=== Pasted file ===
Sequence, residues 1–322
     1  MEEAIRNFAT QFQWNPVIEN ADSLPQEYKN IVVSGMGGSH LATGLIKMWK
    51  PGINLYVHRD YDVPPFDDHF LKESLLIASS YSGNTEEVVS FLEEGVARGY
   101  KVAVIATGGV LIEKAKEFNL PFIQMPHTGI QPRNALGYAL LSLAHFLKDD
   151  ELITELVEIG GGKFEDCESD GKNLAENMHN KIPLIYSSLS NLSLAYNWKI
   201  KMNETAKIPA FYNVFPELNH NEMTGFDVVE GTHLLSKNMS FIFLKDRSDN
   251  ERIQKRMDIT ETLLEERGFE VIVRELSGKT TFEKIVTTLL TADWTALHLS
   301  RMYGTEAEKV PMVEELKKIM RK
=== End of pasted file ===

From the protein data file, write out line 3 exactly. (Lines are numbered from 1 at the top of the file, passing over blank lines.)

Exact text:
    51  PGINLYVHRD YDVPPFDDHF LKESLLIASS YSGNTEEVVS FLEEGVARGY